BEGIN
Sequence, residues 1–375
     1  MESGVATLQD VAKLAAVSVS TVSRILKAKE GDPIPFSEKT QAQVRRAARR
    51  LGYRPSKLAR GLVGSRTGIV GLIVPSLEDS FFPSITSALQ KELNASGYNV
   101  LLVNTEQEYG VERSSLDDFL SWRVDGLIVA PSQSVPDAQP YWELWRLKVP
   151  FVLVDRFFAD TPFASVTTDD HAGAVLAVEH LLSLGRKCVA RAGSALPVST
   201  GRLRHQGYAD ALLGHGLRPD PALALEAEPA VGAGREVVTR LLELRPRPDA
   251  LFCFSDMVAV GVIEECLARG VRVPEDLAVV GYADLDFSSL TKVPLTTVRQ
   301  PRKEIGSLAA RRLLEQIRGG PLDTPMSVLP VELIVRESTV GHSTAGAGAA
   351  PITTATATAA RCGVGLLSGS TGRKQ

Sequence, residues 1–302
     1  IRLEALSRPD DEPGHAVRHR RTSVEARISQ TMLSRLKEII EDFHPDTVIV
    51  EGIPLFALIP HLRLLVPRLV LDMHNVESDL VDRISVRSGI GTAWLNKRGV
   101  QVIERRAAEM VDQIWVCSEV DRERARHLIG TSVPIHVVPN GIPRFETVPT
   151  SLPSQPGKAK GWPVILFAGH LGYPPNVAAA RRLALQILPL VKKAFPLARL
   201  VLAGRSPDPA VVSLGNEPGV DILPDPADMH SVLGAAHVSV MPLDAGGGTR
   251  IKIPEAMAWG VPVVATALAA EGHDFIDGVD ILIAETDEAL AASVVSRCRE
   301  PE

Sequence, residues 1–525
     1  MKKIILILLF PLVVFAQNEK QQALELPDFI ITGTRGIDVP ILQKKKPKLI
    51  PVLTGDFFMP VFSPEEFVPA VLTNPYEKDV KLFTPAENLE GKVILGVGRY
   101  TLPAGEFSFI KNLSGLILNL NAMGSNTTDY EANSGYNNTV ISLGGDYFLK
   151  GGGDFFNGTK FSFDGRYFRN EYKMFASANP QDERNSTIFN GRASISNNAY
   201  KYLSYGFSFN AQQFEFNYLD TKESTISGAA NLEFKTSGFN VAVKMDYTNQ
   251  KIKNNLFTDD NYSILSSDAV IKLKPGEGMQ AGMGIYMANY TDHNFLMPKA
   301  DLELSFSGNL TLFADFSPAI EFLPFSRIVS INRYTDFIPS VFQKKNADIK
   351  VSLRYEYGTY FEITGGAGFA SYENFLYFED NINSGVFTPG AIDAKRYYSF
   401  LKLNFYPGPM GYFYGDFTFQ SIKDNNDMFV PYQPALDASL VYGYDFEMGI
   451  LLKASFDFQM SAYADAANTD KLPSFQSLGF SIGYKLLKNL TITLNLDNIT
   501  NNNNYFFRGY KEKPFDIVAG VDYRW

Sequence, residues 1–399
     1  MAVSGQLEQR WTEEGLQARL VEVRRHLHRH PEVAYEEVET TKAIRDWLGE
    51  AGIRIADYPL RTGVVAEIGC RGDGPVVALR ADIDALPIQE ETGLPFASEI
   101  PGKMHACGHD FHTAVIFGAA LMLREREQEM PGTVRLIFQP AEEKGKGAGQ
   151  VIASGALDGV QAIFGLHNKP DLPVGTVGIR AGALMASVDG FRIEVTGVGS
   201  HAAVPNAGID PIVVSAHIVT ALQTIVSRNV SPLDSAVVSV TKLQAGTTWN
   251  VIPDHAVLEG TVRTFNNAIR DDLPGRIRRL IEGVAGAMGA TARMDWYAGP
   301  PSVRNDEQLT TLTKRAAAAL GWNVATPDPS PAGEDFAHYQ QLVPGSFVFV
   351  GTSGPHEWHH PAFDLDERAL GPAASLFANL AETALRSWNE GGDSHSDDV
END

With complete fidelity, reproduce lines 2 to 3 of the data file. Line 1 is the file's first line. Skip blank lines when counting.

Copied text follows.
     1  MESGVATLQD VAKLAAVSVS TVSRILKAKE GDPIPFSEKT QAQVRRAARR
    51  LGYRPSKLAR GLVGSRTGIV GLIVPSLEDS FFPSITSALQ KELNASGYNV